I would think that people protesting Macron’s new high taxes on fuel and driving would be polar opposites from Greens protesting that Macron isn’t doing enough about CAGW.

    But we hear about both, in the same crowds, wearing the same vests.

    Who co-opted who?

  • Paul Marks

    Excellent point Ellen – the edicts of the state have created the uniform of its foes.

    I find that deeply satisfying.

  • bobby b (December 3, 2018 at 10:40 pm), I think Natalie was making a dead-pan joke about how greens complaining loudly that Macron was not doing enough may have both encouraged him to do more (than was prudent) and warned the yellow vests that yet more would be inflicted on them soon. Sort of Macron chastises you with whips but we will soon make him chastise you with scorpions!

  • bobby b

    Niall Kilmartin
    December 3, 2018 at 11:38 pm

    ” . . . I think Natalie was making a dead-pan joke . . . “

    . . . which I of course missed entirely. Too inside cricket, as the case may be.

    But we read, from a distance, how the protesters appear to be conservative smaller-government types, while the rioters appear to be hard-left anarchists looking for their own special fun combined with hard-left strategists looking to discredit the original point of the protests.

    It all appears too obvious, which makes my Inner Cynic wonder who’s being too obvious for subtle reasons, and who’s just too dumb not to be obvious. Feints within feints, or just boors?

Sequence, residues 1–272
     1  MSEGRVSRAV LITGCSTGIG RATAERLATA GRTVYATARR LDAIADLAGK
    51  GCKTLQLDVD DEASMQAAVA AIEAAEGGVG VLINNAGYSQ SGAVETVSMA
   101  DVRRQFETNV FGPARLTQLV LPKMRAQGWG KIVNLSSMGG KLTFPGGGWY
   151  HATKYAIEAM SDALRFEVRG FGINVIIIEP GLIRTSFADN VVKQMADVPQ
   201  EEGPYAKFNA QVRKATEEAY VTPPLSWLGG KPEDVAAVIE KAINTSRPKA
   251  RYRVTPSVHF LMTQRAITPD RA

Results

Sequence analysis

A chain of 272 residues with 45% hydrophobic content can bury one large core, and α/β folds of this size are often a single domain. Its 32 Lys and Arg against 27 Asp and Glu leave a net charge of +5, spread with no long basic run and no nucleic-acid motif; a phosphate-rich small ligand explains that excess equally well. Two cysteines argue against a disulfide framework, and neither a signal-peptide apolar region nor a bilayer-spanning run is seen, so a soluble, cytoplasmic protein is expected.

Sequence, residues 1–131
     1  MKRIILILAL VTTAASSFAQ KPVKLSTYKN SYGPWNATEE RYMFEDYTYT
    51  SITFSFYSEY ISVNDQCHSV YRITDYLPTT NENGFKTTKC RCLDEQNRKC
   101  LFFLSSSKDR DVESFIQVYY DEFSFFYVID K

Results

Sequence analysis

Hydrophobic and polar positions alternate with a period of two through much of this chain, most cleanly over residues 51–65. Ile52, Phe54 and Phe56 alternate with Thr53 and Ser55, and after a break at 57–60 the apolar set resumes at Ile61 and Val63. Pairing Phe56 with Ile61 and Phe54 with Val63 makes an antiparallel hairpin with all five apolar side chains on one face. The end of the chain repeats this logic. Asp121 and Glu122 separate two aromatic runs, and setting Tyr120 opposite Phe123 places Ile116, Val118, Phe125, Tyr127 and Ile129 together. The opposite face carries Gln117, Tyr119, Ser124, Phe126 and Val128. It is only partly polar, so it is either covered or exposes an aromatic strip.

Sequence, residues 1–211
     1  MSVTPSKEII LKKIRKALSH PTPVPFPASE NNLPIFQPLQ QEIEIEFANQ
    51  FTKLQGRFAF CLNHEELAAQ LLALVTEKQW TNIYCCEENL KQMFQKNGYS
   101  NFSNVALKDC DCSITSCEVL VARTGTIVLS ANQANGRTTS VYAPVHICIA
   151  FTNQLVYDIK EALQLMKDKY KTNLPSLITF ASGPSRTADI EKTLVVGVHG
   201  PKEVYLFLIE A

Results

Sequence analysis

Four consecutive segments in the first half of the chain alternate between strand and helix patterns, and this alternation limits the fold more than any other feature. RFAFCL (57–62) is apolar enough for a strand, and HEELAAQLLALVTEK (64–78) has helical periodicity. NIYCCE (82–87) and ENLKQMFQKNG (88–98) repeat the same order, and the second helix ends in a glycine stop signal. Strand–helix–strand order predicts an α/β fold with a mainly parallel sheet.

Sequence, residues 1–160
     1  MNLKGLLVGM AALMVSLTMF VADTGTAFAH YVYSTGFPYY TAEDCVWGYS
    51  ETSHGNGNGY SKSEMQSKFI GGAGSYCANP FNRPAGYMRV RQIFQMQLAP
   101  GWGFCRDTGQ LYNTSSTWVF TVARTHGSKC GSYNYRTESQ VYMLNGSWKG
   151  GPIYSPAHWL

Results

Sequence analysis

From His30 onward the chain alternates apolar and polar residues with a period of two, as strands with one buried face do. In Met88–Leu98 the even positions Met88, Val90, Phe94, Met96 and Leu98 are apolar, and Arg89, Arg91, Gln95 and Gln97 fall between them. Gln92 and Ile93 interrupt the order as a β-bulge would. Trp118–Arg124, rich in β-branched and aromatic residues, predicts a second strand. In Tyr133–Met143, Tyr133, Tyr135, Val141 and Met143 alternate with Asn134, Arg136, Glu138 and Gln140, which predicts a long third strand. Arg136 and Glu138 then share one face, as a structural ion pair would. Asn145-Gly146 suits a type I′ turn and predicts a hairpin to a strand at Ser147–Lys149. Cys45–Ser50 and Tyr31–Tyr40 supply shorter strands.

• Phil B

    This link has a more nuanced explanation and other reasons why the protests are happening:

    https://no-pasaran.blogspot.com/2018/12/blogger-in-paris-in-midst-of-tear-gas.html

    NOT just a single cause, eh?

  • Mr Ed

    The plan is to get the Communist/Anarchist sewage in amongst the protest to contaminate the milk so as to discredit it.

    About 4 years ago, I drove past an Army base in Yorkshire, the sentries on duty were armed with rifles (probably unloaded, this is the Blairmacht now). The sentries wore urban camoflague fatigues, showing how combat-ready they were (expecting some imminent enrichment), but also hi-viz jackets, presumably to keep them safe from ‘traffic’.

  • Stonyground

    I’m not sure that there is such a contradiction between those who oppose higher fuel taxes and those who think that their government isn’t doing enough to combat climate change. Those who go around demanding action on climate change never seem to go as far as thinking through what the consequences of such action might be and how it might directly effect themselves. As a consequence, they are likely to get just as angry about it when it does.

  • Johnathan Pearce (London)

    By coincidince, last night the BBC news led – of course – with Sir David Attenborough, naturalist and AGW alarmist, giving a speech about how our civilisation is doomed any day now because of global warming. And although he has that sort of “natural treasure” image that applies to a handful of Britons, his views on strict population control and a desire to see much economic growth destroyed or pulled back would horrify if put into action.

    The ironies are striking. On a day when a bunch of people get on carbon dioxide-emitting aircraft to fly to hear this old chap vent (excuse the pun) about climate disaster, French men and women take to the streets to protest against the fuel tax policies of the poison dwarf of the Elysee Palace.